Courtesy of Bob DeChiara-US PRESSWIRE

Baltimore Orioles: Do baseball teams commit to bad contracts?


The situation in with the Baltimore Orioles now find themsleves with regard to Travis Ishikawa is an interesting one. I’ve noticed that major league baseball teams are signing players to more and more contracts like that one, and the O’s are no exception. In effect, a team signs a player to a minor league contract that comes with the stipulation that he can opt out of the deal on a certain date if he’s not in the big leagues by that time.

Dan Duquette will need to pull off some Orioles Magic of his own this offseason. Photo Credit: Bob DeChiara-US PRESSWIRE

Courtesy of USA Today

I’ll be honest; I’m not a fan of that type of contract. I’ll grant that it is an inventive way for teams to sign players that they otherwise might not have been able to sign. It dangles a carrot in front of the player in a sense. And again I’ll grant that the Orioles have directly benefited from this type of deal, with Nate McLouth last year. However in general I feel that teams don’t serve themselves well by doing this. In the case of Jair Jurrjens the Orioles brought him up to the big leagues only to send him right back down. People might ask why this is such an issue; you just bring the guy up, send him down, and that’s the end of it…right? Not really. Keep in mind that teams have to leave players in the minors for a minimum of ten days (unless there’s an emergency such as someone going to the DL or the paternity list). So in sending someone down just for the sake of bringing a guy up to fulfill a contract stipulation, you could be losing their services for ten days. For teams such as the Orioles who tend to make lots of roster moves, this might not be too big a problem. However I feel that it also gives the team itself very little wiggle room on players. Then again, I suppose it’s how you look at it; the other side would argue that it allows teams to bring players into the organization that they otherwise wouldn’t have had.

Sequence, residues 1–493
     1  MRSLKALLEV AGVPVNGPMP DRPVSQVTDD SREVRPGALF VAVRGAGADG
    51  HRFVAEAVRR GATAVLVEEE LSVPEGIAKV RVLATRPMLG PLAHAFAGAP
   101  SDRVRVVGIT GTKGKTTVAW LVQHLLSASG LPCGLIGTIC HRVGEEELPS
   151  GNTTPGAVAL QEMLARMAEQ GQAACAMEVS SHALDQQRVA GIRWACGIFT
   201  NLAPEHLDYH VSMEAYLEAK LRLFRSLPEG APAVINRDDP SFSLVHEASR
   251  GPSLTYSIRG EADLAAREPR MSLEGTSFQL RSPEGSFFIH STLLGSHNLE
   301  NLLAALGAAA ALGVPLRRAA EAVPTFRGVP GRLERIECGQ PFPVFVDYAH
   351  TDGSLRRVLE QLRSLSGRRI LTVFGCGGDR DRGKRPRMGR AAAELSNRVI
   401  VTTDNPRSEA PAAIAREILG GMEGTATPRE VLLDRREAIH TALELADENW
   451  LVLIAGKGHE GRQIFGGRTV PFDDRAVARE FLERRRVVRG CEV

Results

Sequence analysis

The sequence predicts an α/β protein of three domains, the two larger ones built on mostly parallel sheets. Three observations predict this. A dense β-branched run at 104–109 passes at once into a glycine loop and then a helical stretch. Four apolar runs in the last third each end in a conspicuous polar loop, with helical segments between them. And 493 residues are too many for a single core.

In fairness, there are pros and cons to everything. However here’s another interesting point; do these types of contracts make it tougher to work trades for players? Over the weekend it was reported that the Orioles would not call Ishikawa up to the big leagues, but were trying to work out a trade for him. Ishikawa is a decent “prospect,” although he has spent time in the big leagues both with Milwaukee and San Francisco. However if you were another team looking for a backup infielder or perhaps farm system depth, would you make a deal for a guy that in theory you could get without losing a prospect in a few days? In other words, I suspect that teams are hesitating to make a deal for Ishikawa (and other players like him with opt-out clauses) because they think they can get the same player simply by signing him as a free agent. These kinds of moves of course are akin to playing roulette, however I would think that other organizations have no urge to make deals for guys like this.

Ultimately I feel that giving minor league players opt-out clauses gives the team very little wiggle-room in terms of personnel. Here’s the other thing regarding the concept of bringing someone up to satisfy the opt-out clause; if they’re sent back to triple-A they have to be outrighted. That means that the player can refuse the assignment and become a free agent if he clears waivers. So the ball is really in the player’s court big time on these contracts. It’s almost similar to a rule 5 pick in that you have to manage your roster and your team with that player in mind so that you can keep him.

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